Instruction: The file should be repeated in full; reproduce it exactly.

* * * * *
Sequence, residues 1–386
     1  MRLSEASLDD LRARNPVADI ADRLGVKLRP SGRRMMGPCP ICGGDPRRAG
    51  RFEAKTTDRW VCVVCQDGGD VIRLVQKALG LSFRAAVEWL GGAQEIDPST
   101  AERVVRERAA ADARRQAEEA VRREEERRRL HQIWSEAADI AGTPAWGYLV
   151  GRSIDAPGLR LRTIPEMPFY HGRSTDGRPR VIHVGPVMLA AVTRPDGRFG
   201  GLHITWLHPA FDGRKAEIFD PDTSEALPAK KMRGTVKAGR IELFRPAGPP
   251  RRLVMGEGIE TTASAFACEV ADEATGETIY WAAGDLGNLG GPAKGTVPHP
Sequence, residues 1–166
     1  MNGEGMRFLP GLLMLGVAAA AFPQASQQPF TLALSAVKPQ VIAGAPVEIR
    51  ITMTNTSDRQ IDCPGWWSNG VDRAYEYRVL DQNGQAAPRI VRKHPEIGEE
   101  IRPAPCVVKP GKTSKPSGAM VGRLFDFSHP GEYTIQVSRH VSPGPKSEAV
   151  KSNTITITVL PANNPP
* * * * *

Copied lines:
Sequence, residues 1–386
     1  MRLSEASLDD LRARNPVADI ADRLGVKLRP SGRRMMGPCP ICGGDPRRAG
    51  RFEAKTTDRW VCVVCQDGGD VIRLVQKALG LSFRAAVEWL GGAQEIDPST
   101  AERVVRERAA ADARRQAEEA VRREEERRRL HQIWSEAADI AGTPAWGYLV
   151  GRSIDAPGLR LRTIPEMPFY HGRSTDGRPR VIHVGPVMLA AVTRPDGRFG
   201  GLHITWLHPA FDGRKAEIFD PDTSEALPAK KMRGTVKAGR IELFRPAGPP
   251  RRLVMGEGIE TTASAFACEV ADEATGETIY WAAGDLGNLG GPAKGTVPHP
Sequence, residues 1–166
     1  MNGEGMRFLP GLLMLGVAAA AFPQASQQPF TLALSAVKPQ VIAGAPVEIR
    51  ITMTNTSDRQ IDCPGWWSNG VDRAYEYRVL DQNGQAAPRI VRKHPEIGEE
   101  IRPAPCVVKP GKTSKPSGAM VGRLFDFSHP GEYTIQVSRH VSPGPKSEAV
   151  KSNTITITVL PANNPP